Then I got to know him ...
Approximately eight years ago I requested an interview with Neville Southall. He was graceful enough to accept. It was at (prior to) a function and he agreed to give me an hour. The interview eventually lasted over two hours, and he delayed going on stage in order for me to finish. The next morning he rang me to ask if it was enough. Then he asked me to work with him on a charity initiative. Naturally, as would most Toffees, I accepted in a heartbeat.
Our friendship developed, and a few years later, I felt compelled to reveal to him that I had previously had issues with addiction, although I'd briefly skirted the issue. His response was “Oh that. I know about that.” ... I said ”Kid, how do you know?” ... Neville replied "When we first started working together some fella stopped me at a signing and told me.” ... Me: “What did you say?” ... Neville: “I told him that I would trust you with my life.”
Just to reiterate, he waited two years to tell me this and if I hadn't have brought it up, he may never have done so. This fella - 'my hero'. It honestly blew my mind ... It still does. We have subsequently become very close friends, to the extent that if I ever should require an advocate before a Celestial court then I should likely opt for Neville. My mother adores him - it is mutual, as do my family, my friends, the kids from the bus I travel to away games on ... in fact everybody who I have ever introduced him to. When he comes to Goodison and isn't working, he sits in the ground with us.
He can be grumpy on occasion, and is known (I assume via his mother's side) to be able to moan for England. Lastly, on the personal side, during lockdown (2020) he contacted me to request that I proof read his new mental-health focused book, Mind Games. I was taken aback but readily agreed. It is an excellent tome, as I expected. What I did not expect was that he would ask me to proof read it. It was an honour.
Both Neville and I were involved in the making of Howard's Way - a film about our club's experiences throughout the early-mid 1980's. In his introduction to the film, he states that he was driven to Liverpool (given he didn't drive at the time) and arrived in the aftermath of the Toxteth riots. As he notes, he mused to himself at the time, “It's on fire. I wonder if they do this for all their new signings?”
I include this anecdote in order to illustrate his self-deprecating side which is intrinsic to his makeup. He does not deal well with compliments, and will deflect wherever possible. Tell him that you think the Falco save is his best ever save, for example, and he will reply, “I was paid to make saves, mate. It was my job. I would have been disappointed if it had gone in.” ... Deflected. He is a team player. Part of a collective and was, 'is', really really good at it. He never wanted to be famous yet it happened anyway. Now, at a different stage in his life he has taken that, 'let's call it currency', increased it exponentially, yet invested it primarily in the causes of others.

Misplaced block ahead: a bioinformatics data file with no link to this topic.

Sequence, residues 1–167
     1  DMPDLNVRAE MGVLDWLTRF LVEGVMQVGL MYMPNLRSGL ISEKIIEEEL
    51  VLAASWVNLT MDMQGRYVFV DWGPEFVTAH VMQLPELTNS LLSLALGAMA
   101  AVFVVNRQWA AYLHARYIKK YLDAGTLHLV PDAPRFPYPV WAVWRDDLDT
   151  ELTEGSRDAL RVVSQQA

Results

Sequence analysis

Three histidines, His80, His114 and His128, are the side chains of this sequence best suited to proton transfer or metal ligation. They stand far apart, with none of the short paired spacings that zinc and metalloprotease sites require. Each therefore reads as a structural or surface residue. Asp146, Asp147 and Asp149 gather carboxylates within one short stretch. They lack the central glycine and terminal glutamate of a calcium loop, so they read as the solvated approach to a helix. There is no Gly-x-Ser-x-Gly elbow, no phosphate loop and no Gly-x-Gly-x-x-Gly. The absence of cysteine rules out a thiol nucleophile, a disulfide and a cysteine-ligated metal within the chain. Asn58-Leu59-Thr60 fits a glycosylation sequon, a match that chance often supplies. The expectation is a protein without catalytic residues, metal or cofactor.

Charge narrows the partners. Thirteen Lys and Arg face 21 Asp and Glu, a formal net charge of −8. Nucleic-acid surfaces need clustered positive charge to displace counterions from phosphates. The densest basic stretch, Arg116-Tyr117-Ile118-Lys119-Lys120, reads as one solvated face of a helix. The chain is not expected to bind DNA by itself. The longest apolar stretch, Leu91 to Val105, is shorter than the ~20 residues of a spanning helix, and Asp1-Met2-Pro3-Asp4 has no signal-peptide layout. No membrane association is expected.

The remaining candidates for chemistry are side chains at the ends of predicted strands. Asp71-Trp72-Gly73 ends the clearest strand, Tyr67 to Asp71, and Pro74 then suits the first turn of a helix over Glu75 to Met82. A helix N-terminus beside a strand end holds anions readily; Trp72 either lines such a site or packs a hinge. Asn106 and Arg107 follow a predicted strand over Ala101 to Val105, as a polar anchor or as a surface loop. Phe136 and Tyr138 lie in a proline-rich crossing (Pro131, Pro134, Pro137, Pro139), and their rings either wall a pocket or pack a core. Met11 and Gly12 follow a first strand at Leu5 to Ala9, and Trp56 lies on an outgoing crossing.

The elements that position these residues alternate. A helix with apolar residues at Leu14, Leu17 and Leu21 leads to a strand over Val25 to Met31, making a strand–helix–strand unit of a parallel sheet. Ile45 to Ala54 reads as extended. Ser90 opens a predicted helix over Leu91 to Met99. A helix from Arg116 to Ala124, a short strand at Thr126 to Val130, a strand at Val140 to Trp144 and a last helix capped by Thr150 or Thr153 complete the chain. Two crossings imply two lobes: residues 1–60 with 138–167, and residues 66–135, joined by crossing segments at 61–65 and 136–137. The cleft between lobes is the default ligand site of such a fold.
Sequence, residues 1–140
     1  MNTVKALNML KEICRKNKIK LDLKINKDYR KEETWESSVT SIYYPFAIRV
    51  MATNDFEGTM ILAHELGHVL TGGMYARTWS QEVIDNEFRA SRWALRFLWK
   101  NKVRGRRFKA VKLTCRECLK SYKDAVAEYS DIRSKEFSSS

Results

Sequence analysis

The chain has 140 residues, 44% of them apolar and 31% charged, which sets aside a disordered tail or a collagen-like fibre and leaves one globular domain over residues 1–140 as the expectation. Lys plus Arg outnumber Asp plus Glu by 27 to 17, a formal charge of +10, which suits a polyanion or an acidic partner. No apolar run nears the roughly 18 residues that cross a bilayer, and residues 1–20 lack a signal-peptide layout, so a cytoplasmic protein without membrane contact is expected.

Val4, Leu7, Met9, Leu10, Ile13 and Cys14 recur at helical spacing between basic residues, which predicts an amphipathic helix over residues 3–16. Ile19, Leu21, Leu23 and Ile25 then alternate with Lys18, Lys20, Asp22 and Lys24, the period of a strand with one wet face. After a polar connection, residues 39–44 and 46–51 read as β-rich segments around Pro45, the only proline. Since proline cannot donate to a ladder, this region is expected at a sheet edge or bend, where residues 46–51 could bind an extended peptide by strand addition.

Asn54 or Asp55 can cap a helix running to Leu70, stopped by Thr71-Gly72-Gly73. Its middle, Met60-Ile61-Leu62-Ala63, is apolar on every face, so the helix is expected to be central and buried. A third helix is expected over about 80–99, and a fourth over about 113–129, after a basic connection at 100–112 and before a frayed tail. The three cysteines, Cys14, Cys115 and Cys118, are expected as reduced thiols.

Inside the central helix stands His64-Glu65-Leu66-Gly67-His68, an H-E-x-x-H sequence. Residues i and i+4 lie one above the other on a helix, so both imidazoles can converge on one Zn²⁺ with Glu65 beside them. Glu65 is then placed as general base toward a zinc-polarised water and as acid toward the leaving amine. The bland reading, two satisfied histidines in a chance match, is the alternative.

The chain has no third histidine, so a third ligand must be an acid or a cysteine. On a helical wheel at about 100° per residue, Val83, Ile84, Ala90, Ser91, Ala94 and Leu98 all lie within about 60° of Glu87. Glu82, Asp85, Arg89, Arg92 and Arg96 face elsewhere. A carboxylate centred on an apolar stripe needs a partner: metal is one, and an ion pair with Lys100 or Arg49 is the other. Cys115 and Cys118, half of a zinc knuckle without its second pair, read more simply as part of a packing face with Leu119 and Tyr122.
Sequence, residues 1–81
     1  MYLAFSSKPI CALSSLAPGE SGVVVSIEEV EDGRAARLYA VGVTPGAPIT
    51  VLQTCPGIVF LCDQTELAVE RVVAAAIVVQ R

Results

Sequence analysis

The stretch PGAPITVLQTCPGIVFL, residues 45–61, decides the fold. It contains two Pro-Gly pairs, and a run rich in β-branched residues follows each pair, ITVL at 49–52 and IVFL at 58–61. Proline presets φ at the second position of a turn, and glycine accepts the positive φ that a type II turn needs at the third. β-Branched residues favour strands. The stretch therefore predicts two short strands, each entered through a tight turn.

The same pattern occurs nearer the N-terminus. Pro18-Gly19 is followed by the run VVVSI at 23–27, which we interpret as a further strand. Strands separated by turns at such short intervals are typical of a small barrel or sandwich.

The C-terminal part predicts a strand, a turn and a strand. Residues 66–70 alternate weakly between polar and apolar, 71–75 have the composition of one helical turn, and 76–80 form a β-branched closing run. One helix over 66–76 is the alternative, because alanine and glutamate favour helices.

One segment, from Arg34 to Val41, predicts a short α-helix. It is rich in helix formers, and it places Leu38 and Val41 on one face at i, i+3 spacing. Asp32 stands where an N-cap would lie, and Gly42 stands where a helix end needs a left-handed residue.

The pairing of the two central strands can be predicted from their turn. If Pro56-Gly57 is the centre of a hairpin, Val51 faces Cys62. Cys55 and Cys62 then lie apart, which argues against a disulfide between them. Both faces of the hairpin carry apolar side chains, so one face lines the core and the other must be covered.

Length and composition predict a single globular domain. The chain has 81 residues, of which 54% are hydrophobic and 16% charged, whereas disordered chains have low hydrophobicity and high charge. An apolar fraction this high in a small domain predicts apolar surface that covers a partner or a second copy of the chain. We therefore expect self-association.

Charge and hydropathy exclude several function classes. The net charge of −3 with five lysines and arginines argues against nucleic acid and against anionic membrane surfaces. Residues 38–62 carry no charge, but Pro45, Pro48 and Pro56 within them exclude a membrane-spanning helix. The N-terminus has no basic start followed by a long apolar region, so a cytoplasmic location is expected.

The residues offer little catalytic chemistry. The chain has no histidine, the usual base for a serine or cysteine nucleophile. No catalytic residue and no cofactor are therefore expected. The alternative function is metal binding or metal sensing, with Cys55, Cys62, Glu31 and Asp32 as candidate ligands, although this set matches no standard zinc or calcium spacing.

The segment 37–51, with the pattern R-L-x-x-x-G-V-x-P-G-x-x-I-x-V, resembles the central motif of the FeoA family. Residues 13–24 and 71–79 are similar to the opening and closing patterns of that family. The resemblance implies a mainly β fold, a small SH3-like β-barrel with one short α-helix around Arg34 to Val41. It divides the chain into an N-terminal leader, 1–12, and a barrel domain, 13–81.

Anybody familiar with his online persona will already be aware of this fact. His Twitter page with approximately 150,000 followers is frequented by the causes of others most days of the year. His day job is at a school for youngsters with integration issues in South Wales. Keith Mullin and I visited for a day a couple of years ago. We were there maybe an hour or more and in that time two fights broke out. Neville left the meeting broke up both fights, returned and continued the meeting.
As a player I held him in the very highest regard. As a person, and moreover as a close friend, he has long since surpassed that estimation. He is a truly exceptional human being. He feels and has always felt at home with us as a people and we are blessed to have him.
As regards legacy, particularly in light of a potential move to Bramley Moore, I doubt there is an Evertonian alive today that feels he is unworthy of a statue - to my mind that should have already happened; however I would like to make a further suggestion. It is that the proposed Mental Health facility- that will ostensibly make up part of the “Goodison Legacy” project, should be specifically named in his honour. His endeavours in this area have been relentless and overlook club rivalries.
There is no other candidate. He has once again become the standard. It is what he does ...
Neville Southall: My hero. My Mate.
David Fehily: LCAB. October 2020.